The mixed culture of microorganisms and BMV8 were able to metabolize thiocyanate heterotrophically as a nitrogen source. Despite presenting similar kinetics of thiocyanate degradation in the suspended cultures, the mixed culture presented higher resistance against thiocyanate than the BMV8 strain. The best efficiency was achieved when the cells were immobilized. These advantages could be useful in bioprocesses for the treatment of thiocyanate-containing effluents.
The authors are grateful to CNPq and Fapemig for financial support.
1. Andreoni, V.; Ferrari, A.; Pagani, A.; Sorlini, C.; Tandoi, V.; Treccani, V. Thiocyanate degradation by denitrifying mixed cultures of bacteria. Anal. Microbiol., 38:193-200, 1988. [ Links ]
2. Bauchop, T.; Elsden, S.R. The growth of microorganisms in relation to energy supply. J. Gen. Microbiol., 23:457-469, 1960. [ Links ]
3. Beekhuis, H.A. Technology and biochemistry application. In: Newman, A.A. (ed.) Chemistry and biochemistry of thiocyanic acid and its derivatives. Academic Press, London, 1975, p.222-255. [ Links ]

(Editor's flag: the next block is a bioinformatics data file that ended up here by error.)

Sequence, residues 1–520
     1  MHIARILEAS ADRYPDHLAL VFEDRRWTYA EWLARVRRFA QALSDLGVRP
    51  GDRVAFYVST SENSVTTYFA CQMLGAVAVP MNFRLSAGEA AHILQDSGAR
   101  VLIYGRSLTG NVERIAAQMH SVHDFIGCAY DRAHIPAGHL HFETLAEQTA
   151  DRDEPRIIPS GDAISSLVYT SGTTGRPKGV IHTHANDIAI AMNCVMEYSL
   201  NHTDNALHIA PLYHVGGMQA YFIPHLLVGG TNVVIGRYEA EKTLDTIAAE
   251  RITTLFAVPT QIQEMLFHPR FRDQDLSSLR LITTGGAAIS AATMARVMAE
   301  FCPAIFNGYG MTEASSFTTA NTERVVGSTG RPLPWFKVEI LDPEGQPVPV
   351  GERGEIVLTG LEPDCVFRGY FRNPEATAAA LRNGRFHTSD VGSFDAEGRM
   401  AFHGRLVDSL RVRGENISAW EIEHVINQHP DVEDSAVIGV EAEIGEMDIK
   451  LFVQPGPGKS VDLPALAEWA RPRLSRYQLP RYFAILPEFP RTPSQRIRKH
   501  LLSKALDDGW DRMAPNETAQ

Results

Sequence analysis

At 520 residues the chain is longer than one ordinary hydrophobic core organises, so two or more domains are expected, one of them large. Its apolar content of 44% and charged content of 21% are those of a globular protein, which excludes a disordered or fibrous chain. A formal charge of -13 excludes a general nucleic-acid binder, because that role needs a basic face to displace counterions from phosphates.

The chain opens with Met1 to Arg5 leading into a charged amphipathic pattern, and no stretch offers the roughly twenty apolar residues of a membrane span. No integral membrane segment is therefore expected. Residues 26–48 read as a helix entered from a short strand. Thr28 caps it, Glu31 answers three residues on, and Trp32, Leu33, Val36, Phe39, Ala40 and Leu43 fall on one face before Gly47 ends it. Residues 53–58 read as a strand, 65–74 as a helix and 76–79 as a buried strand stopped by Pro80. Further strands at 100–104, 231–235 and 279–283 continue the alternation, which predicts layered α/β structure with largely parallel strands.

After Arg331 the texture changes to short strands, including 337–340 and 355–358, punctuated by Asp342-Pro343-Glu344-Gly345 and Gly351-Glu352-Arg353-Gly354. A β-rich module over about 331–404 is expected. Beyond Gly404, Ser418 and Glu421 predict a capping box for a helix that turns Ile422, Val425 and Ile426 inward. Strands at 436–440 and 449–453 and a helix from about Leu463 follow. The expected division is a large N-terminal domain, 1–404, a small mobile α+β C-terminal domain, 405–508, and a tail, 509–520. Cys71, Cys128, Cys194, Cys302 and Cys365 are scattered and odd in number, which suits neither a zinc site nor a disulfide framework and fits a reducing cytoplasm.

4. Betts, P.M.; Rinder, D.F.; Fleeker, J.R. Thiocyanate utilization by an Arthrobacter. Can. J. Microbiol., 25:1277-1282, 1979. [ Links ]
5. Boucabeille, C.; Bories, A.; Olliver, P. Degradation of thiocyanate by a bacterial coculture. Biotechnol. Lett., 16:425-430, 1994. [ Links ]
6. Bozzi, A.; Guasaquillo, I.; Kiwi, J. Accelerated removal of cyanides from industrial effluents by supported Ti02 photo-catalysts. Appl. Cat. Env., 51:201-209, 2004. [ Links ]